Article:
“Many of our students and families also struggle financially and so we’ve been providing food to some of those families in need, just as many of the public schools are doing, and our clinicians are reaching out trying to support the families in helping our young children,” he added.

So far, the number of pediatric COVID-19 cases remains lower than adult cases — placing Boston Children’s Hospital in a different position than most other medical centers. Agus said the hospital may experience an influx of patients as other medical centers try to make space for adult COVID-19 cases.

“We are preparing for the possibility that institutions that care for adults and children will be forced on a temporary basis to allocate their pediatric resources to the care of adults,” Agus said. “We are standing ready to care for those kids.”

Beyond patient care, Agus also said the leadership at Boston Children’s is focused on the protection and management of illness amongst its healthcare workers.

“The number of people that are out is extraordinary,” Agus said. “There's never been this much fear of getting a life-threatening illness through any random interaction with either patients or colleagues.”

Coronavirus Research

Many researchers across Harvard’s Longwood medical campus are working on coronavirus-related projects across a wide range of disciplines, including refining diagnostics, developing vaccinations, and predicting public health concerns.

Perhaps most notably, that work includes a long-term collaborative research effort between Harvard-affiliated researchers and collaborators in China, funded by Fortune Global 500 company China Evergrande Group to the tune of $115 million.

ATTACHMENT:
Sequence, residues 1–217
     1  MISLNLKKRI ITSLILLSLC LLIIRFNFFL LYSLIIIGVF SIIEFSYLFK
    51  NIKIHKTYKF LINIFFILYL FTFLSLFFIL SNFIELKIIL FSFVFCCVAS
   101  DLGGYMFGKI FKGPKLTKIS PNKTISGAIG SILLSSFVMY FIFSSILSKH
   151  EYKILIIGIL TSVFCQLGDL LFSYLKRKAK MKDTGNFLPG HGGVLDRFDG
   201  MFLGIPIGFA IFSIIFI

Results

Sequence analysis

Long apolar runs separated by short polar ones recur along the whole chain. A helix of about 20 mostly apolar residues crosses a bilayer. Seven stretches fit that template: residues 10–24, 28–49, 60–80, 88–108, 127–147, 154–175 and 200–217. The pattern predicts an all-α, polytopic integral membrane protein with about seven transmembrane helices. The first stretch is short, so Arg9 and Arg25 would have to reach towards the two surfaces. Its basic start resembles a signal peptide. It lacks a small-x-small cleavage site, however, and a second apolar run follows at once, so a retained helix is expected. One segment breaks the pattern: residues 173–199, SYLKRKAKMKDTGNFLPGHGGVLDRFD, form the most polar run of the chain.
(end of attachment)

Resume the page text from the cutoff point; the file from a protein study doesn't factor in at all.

At the Wyss Institute for Biologically Inspired Engineering — a Harvard cross-disciplinary research institute — administrators announced they would be “ramping down” most research operations as a part of University protocols.

But coronavirus research at the institute has continued at full throttle. Wyss Institute spokesperson Benjamin Boettner wrote in an email that though researchers are seeking to address the pandemic through a variety of methods, research largely remains in “early or intermediate stages.”

“It will probably take a while before they will be in doctors’ hands,” he wrote.

Wyss Institute Founding Director Donald Ingber said in a press release that the Wyss Institute has been able to “refocus” its efforts to help address the coronavirus, even as other research ceased.

“With our highly multi-disciplinary and translation-focused organization, we were able to quickly pivot, and refocus our unique engineering capabilities on much needed diagnostic, therapeutic, and vaccine solutions, and we hope to be part of the solution for many of the innumerable problems the present pandemic poses,” Ingber said.

Correction: March 28, 2020

A previous version of this article incorrectly stated the material of testing swabs running low in Harvard-affiliated hospitals. They are nylon flocked, not cotton.

— Staff writer Kevin R. Chen can be reached at kevin.chen@thecrimson.com. Follow him on Twitter @kchenx.

—Staff writer Virginia L. Ma can be reached at virginia.ma@thecrimson.com.

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HealthHarvard Medical SchoolMassachusettsCoronavirus